AUSTRALIA: Seeds return from space

Native to one of the world's harshest climates, Australian seeds have to put up with a lot of challenges before they germinate. But it's unlikely any have been through more than a group of seeds that will be propagated after six months orbiting the earth.

The seeds last week returned to earth from the international space station in the final leg of an experiment that aimed to test if Australian seeds were hardy enough to germinate after a trip through space.

"Australian seeds are among the hardiest seeds on earth. Now we'll see if they are among the toughest in the universe," Australia's Botanic Gardens Trust executive director, Dr Tim Entwisle said. "We'll compare the space-seeds with a 'control group' of identical seeds that we kept here on earth."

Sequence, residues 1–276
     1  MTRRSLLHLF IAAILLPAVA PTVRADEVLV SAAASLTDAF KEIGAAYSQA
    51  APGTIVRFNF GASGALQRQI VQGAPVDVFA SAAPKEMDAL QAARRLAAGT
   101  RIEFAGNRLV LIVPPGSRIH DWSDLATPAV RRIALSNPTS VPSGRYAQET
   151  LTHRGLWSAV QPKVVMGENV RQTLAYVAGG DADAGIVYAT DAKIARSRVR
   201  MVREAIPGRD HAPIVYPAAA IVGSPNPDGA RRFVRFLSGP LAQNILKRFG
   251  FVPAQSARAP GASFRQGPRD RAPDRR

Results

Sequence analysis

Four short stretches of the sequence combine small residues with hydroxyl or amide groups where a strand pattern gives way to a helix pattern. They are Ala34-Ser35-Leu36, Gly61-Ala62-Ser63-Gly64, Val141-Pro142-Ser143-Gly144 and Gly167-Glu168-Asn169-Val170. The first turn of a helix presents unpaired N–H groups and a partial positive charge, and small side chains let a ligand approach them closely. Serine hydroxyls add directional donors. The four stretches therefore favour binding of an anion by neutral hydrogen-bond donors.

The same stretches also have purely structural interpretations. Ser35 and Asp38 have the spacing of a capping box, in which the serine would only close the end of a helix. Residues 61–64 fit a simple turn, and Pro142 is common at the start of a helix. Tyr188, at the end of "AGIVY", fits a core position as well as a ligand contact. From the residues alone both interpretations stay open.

Entwisle said the experiment would show how Australian seeds respond to microgravity and ionising radiation and determine if Australian plants could be suitable as oxygen producers when humans colonised the moon or other planets. In addition, the NASA experiment could provide a preliminary evaluation of Space Station seedbanking - a possible option for the future.

"Great advances in science are often the result of unexpected results. Sending native seeds into space may open up whole new research areas, or it may confirm that we are already doing the best we can to conserve our seed for future needs," he said.